The Pantropica group, based at the Max Planck Institute for the Science of Human History, would like to announce a new virtual seminar series, “The Past, Present, and Future of the Pantropocene.” This series will explore the strengths and limitations of the Anthropocene as a theoretical model for investigating the past and present, with a specific focus on the tropics. This emphasis on the tropics stems from the ERC PANTROPOCENE group’s thesis that the control and exploitation of the tropics—their forests, flora, fauna, minerals, resources, and peoples—plays an outsized role in the Anthropocene. This speaker series invites anthropologists, botanists, historians, archaeologists, and conservationists to focus on objects, peoples, and materials originating from the pan-tropics, but also how their foci affect non-tropical peoples and environments. Put differently, we ask how events in tropical ecotypes have reverberated and continue to reverberate via human connections. Our series begins in the Pacific Ocean, with particular emphasis on the histories and conservation of Oceanian, Australasian, and Philippine environments. Through individual presentations, we hope to offer speakers and listeners alike a novel understanding of both Pacific socio-ecologies over time and the Anthropocene itself.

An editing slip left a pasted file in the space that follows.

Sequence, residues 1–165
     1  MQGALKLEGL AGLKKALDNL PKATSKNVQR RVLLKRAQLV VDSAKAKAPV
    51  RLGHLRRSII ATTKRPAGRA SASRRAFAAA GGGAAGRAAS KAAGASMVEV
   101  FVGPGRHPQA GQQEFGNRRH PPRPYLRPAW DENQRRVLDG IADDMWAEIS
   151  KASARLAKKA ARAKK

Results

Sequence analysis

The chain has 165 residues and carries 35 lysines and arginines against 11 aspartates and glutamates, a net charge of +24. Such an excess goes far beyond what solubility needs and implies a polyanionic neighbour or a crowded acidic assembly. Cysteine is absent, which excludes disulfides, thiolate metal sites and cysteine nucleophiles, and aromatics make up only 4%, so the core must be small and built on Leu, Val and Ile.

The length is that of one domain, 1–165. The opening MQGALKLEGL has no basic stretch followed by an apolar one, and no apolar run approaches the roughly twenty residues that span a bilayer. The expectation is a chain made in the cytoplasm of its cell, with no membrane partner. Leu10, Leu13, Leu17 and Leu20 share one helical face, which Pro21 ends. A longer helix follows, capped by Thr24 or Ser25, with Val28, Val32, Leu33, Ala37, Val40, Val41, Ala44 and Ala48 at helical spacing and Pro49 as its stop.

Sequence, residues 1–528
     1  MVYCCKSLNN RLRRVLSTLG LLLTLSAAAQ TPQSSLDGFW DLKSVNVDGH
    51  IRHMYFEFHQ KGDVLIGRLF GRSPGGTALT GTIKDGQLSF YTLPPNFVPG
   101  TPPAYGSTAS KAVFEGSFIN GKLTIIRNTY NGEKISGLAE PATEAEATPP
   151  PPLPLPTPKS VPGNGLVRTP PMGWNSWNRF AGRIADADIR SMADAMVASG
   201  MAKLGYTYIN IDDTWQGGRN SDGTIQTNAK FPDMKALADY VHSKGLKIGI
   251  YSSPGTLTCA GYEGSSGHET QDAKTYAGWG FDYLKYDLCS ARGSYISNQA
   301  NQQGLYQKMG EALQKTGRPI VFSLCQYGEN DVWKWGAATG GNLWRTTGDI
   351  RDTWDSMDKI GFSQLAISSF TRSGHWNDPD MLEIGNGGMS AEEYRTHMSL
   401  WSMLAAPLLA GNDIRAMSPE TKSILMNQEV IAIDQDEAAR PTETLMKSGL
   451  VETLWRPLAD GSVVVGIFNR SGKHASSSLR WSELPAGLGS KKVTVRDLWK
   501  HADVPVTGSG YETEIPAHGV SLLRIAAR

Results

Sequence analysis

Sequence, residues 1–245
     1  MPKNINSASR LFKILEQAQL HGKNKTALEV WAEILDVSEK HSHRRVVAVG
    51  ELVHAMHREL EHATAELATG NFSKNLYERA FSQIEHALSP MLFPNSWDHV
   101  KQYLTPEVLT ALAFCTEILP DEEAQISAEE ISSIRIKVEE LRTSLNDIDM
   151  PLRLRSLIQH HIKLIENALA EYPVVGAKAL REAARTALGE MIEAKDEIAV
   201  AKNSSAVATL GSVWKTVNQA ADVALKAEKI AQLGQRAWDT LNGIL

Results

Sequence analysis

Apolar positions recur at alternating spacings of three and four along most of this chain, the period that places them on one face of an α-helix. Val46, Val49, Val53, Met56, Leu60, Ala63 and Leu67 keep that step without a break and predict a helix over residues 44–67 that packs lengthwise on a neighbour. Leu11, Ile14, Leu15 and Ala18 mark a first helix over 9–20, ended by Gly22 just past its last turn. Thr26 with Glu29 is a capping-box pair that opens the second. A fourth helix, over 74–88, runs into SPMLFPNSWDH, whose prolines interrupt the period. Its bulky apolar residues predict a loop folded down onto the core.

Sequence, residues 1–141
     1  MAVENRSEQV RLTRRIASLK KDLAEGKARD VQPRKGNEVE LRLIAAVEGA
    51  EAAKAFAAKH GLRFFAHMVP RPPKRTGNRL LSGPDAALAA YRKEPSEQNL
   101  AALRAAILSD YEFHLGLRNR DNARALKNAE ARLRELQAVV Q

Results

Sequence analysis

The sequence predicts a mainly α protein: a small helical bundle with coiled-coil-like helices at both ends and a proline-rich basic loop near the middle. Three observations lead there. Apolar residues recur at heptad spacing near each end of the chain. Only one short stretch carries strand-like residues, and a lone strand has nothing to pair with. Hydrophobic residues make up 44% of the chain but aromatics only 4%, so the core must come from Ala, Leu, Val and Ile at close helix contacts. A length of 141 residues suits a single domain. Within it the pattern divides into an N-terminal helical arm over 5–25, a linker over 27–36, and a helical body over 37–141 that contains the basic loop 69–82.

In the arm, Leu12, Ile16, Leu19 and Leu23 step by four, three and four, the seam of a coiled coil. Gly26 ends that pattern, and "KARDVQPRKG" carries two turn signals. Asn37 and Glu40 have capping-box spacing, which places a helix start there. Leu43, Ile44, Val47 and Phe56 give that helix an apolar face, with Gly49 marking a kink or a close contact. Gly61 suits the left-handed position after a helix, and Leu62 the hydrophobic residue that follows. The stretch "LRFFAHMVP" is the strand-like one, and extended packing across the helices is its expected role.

This series will consist of six presentations given every other week between September and November. Our next presentation will be on September 29th at 9:00 in the morning, CEST (Berlin time). Prof. Angela Schottenhammer (KU Leuven) will be presenting her research on the movement of balsam and cacao from the Americas to China via the Manila Galleons. If you would like to attend this or other talks in our series, please email either Max Findley ([email protected]) or Rebecca Hamilton ([email protected]), and we will provide additional information, including speakers’ abstracts and zoom registration links. You can also see a detailed schedule at our group’s website: https://www.pantrop.com/?page_id=18
Image: Syd Sujuaan at Unsplash